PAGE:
Without a doubt, Asian private equity has attracted a great deal of capital and curiosity over recent years. In fact, with investors’ infatuation with the region, it can be difficult at times to keep in mind that Asia is as of yet a relatively new frontier for private equity.
Yet while LPs and GPs alike continue their onslaught of markets such as China, India, Japan and Korea, one group is keeping to its strategy of venturing ahead of the pack into pockets of Asia where private equity is still truly a nascent concept.
Over the course of 2006, much of the group’s efforts have centred on Asia. Most recently, Aureos chief executive Sivendran Vettivetpillai and Bangladesh’s Eastern Bank managing director/CEO Kazi Mahmood signed an agreement on Monday to set up a joint venture for creating Bangladesh’s first private equity fund.
“We have not set up the fund yet, but Eastern Bank and Aureos have agreed on a plan aimed at setting up the [f]und as soon as possible,” Aureos managing partner Nissanka Weerasekera told PEO via email. He added, “Unlike in India and Sri Lanka where Aureos already had a foothold through its management of CDC legacy funds, Bangladesh is a new market for Aureos and hence the decision to partner with a local institution.”
Weerasekera, the firm’s regional managing partner for South Asia who also heads up the Aureos South Asia Fund, is spearheading Aureos’ activities in Bangladesh. It is still early days for the Bangladesh fund, but according to Weerasekera, the group is contemplating a fund size of $15 million, with contributions by both Aureos and Eastern Bank.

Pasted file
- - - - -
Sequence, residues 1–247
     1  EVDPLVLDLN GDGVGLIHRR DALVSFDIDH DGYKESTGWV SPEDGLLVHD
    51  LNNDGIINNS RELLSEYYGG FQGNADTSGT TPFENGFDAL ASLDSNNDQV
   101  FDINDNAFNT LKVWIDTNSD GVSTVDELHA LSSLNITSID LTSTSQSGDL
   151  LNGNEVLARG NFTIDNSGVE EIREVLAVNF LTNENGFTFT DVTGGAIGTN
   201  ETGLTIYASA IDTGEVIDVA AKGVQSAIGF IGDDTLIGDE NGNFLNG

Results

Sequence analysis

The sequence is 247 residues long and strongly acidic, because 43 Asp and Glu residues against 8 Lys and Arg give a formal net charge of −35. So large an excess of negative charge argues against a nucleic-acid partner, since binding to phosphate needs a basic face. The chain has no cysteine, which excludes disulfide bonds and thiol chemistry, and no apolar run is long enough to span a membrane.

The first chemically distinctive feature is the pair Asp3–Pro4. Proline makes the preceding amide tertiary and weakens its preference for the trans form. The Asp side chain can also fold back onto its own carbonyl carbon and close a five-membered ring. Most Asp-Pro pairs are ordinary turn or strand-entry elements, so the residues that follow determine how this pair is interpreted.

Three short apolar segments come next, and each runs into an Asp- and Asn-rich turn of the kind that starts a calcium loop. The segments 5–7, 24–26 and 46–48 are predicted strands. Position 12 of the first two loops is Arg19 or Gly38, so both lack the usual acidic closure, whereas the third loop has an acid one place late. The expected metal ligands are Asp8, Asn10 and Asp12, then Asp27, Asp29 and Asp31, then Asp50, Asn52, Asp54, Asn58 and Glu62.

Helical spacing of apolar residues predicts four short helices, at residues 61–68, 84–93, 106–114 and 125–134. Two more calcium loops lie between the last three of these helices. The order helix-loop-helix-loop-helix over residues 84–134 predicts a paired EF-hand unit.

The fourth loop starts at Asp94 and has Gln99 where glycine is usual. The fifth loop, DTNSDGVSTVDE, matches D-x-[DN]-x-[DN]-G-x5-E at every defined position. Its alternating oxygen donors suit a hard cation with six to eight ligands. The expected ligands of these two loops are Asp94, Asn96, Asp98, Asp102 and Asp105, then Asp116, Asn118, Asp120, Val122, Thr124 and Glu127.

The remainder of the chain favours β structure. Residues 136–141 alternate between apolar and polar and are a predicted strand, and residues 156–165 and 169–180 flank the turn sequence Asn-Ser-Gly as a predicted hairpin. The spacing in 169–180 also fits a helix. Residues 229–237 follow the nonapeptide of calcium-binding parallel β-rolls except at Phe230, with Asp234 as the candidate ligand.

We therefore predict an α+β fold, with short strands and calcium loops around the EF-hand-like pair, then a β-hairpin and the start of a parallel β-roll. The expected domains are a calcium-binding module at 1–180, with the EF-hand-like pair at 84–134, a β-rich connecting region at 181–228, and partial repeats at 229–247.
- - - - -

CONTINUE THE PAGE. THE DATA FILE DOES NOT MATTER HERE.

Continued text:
Aureos already has a mandate to invest in Bangladesh via the Aureos South Asia Fund, which also targets India and Sri Lanka. The activities of the South Asia fund are run out of Aureos’ offices in Colombo in Sri Lanka – where Weerasekera is based – as well as Bangalore and Mumbai in India.
The Bangladesh initiative follows on the heels of Aureos’ other Asia-focused activities announced earlier this year, including the firm’s formation of three funds in the region. In addition to Bangladesh, another new frontier that the firm is looking into is Malaysia, where Aureos has been in discussions with local investors about launching a RM 250 million ($69 million; €54 million) fund targeting small- and medium-sized enterprises. In July, Aureos closed on the $91 million Aureos South East Asia Fund, which will invest in Thailand, Indonesia, the Philippines and Southeast Vietnam. Elsewhere in Asia, Aureos is also raising a fund to target Northeast China and another to invest in the Pacific Islands.
As Aureos’ investment activities continue to expand, so too has the firm’s ownership structure evolved, with Aureos’ management buying 26.5 percent of CDC’s and Norwegian development financial institution Norfund’s shares in the firm last month. One of the key changes is that FMO – the Dutch DFI – will now be a cornerstone investor alongside CDC and Norfund. Aureos has also snared the gaze of private investors who are interested in seeing a structure that “reinforce[s] the alignment of interests between management and investors in Aureos [f]unds”, Vettivetpillai said at the time of the announcement.
Whether other GPs and LPs will follow in Aureos’ wake is one matter, but going forward, emerging markets enthusiasts and novices alike are sure to note which new frontiers Aureos deems of interest.